Translator Disclaimer
6 March 2013 Removing intra plane blurring in dental panoramas
Author Affiliations +
Proceedings Volume 8668, Medical Imaging 2013: Physics of Medical Imaging; 86682K (2013)
Event: SPIE Medical Imaging, 2013, Lake Buena Vista (Orlando Area), Florida, United States
Dental imaging often requires to gather information from a curved plane that covers the upper and lower jaw. To acquire these data one may either use a CT or a DVT scan followed by extracting the desired curved plane from the volumetric CT data, or one may decide to work at much lower dose levels and acquire a panoramic radiograph, which is also known as an orthopantomogram, or short as panorama. The panorama is acquired by moving the x-ray source and detector arrangement such that the x-ray cone intersects the curved plane in a preferably perpendicular way. Due to the small size of specialized panorama x-ray detectors, that often run in the so-called time-delayed integration (TDI) mode, the cone is collimated such that it is only a few millimeters wide in the fan direction. In this situation the fan angle is much smaller than the cone angle. Assuming an imaging system based on flat detectors the panoramic imaging corresponds to digital x-ray tomosynthesis taken in a curved plane. Of course, panoramic imaging suffers from significant blurring between adjacent planes, as it is inherent to all tomosynthesis techniques. To reduce this intra plane blurring we propose an approach that uses a form filter to simultaneously acquire the data for a typical orthopantomogram and low-dose data with a significantly increased fan-angle, sufficient to perform a low-dose FDK reconstruction. The bow-tie takes care to reduce dose in that extended region to about 1% compared to the dose in the central region. The total dose remains constant. These data will be combined resulting in an orthopantomogram with improved image quality due to reduced intra plane blurring as one is able to subtract the unwanted background structures arising from off focus objects as for example the cervical vertebrae. We conducted simulations to validate our approach. For that we use a volumetric CT data set of a patient's head from which we generated rawdata. The simulation results show that with our approach panoramic imaging with a flat detector offers the possi­bility to improve image quality without additional costs in patient dose.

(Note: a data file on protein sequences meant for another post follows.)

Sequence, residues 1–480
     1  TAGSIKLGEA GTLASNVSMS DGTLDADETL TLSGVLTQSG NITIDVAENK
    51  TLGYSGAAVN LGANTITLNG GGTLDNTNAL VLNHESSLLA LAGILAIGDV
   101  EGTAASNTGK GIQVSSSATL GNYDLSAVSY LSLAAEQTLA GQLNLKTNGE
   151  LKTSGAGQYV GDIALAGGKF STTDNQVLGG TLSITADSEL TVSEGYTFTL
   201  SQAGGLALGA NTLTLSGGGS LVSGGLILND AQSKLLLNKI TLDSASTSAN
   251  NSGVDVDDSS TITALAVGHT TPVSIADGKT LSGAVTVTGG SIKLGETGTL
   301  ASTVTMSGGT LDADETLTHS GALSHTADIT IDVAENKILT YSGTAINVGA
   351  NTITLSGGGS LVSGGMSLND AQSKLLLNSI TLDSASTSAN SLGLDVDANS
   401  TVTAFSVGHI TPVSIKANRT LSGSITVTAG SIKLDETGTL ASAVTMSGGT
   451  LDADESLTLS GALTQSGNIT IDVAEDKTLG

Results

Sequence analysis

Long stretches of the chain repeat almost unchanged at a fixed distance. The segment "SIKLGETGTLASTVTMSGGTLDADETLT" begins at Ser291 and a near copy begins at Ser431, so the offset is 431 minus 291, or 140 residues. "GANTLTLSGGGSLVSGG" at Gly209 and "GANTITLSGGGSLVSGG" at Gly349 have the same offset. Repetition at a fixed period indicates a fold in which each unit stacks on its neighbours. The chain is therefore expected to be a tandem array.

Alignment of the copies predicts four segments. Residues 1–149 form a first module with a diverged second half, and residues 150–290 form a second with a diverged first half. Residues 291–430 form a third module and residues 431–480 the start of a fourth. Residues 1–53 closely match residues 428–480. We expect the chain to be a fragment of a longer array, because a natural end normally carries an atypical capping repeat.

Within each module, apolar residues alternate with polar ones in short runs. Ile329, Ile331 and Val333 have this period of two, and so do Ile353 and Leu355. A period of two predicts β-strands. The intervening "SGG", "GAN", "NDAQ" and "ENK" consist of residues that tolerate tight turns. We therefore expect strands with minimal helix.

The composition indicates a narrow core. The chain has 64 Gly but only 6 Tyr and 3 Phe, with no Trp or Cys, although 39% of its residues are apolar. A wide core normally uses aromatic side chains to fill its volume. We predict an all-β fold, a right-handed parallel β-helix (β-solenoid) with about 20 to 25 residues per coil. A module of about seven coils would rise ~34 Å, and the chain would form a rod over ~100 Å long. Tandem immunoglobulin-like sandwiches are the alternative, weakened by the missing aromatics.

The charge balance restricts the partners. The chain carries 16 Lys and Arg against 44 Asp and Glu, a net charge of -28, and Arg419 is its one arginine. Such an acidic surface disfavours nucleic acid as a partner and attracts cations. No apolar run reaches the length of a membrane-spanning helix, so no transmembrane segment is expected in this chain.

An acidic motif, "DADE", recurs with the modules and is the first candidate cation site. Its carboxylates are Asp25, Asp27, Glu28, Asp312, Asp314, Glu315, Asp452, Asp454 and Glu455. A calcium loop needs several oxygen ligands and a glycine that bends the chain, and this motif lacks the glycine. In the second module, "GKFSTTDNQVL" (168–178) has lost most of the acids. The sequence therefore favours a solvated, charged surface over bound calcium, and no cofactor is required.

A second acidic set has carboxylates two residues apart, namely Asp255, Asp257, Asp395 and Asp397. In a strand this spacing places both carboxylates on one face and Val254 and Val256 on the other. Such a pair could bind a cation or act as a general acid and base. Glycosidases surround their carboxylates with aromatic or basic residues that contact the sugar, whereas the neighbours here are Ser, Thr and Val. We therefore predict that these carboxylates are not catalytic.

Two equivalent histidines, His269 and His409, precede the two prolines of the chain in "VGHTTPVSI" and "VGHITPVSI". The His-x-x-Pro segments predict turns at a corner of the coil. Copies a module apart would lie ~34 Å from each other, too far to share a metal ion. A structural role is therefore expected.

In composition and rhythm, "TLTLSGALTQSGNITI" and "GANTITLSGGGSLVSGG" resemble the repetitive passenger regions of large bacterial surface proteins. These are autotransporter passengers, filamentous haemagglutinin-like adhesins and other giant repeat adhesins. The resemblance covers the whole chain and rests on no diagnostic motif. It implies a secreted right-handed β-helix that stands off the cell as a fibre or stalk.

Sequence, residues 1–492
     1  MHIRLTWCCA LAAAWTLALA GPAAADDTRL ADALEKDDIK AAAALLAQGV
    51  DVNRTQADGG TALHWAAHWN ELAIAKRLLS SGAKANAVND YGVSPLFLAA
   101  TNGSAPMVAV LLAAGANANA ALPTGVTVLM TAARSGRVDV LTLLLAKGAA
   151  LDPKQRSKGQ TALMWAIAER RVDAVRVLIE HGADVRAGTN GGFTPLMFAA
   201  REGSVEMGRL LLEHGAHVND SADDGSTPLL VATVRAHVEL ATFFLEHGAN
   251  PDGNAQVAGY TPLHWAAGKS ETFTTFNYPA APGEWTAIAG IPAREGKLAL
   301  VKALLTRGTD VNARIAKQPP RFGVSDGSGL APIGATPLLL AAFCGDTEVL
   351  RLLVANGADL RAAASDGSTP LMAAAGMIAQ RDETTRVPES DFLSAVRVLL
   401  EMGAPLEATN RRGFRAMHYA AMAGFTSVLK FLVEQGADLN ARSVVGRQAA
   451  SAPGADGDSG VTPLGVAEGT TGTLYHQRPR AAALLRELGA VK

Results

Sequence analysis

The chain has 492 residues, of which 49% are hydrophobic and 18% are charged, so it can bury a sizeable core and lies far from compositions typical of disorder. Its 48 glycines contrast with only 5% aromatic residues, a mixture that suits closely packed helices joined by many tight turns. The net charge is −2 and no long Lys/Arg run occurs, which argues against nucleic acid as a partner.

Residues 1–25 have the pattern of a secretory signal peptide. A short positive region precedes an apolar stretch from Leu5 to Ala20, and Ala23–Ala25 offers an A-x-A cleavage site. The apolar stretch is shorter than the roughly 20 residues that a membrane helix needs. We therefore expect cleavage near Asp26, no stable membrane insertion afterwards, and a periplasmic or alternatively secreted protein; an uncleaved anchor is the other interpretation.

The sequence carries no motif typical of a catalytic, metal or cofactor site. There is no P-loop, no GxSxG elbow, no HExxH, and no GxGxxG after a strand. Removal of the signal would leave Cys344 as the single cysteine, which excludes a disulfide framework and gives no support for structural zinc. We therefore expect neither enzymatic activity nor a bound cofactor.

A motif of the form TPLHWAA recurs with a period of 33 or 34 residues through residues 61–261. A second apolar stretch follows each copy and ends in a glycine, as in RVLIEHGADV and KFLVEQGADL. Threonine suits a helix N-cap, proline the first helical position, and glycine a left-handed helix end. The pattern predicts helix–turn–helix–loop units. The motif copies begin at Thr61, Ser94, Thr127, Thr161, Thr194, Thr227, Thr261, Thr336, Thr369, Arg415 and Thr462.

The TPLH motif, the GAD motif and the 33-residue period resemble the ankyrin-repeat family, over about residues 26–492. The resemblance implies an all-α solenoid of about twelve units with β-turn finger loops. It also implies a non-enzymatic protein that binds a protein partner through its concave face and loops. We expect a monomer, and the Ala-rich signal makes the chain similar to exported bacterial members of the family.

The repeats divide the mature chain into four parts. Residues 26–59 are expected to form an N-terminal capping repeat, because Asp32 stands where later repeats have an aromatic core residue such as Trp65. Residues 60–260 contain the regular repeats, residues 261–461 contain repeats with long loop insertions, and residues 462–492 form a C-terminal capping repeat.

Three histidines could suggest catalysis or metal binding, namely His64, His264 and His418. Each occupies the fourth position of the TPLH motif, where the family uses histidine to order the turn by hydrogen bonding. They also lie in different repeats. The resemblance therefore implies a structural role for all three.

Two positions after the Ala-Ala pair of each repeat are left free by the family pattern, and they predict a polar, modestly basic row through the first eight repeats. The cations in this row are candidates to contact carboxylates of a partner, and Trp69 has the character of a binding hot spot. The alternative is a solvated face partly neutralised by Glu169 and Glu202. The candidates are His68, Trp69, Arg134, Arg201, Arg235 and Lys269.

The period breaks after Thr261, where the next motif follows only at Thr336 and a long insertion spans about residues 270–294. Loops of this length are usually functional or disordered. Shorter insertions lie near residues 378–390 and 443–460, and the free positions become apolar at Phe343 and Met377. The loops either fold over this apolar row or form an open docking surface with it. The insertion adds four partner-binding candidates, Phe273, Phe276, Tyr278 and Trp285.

© (2013) COPYRIGHT Society of Photo-Optical Instrumentation Engineers (SPIE). Downloading of the abstract is permitted for personal use only.
Christian Hofmann, Michael Knaup, and Marc Kachelrieß "Removing intra plane blurring in dental panoramas", Proc. SPIE 8668, Medical Imaging 2013: Physics of Medical Imaging, 86682K (6 March 2013);

Back to Top